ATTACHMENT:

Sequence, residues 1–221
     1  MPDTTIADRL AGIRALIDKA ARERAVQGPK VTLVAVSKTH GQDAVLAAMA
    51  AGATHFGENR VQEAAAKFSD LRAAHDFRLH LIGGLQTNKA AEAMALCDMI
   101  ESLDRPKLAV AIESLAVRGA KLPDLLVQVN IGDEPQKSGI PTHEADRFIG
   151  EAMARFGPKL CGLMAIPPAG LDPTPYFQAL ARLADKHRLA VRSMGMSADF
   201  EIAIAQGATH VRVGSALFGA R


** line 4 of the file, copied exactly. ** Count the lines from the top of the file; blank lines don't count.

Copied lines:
   101  ESLDRPKLAV AIESLAVRGA KLPDLLVQVN IGDEPQKSGI PTHEADRFIG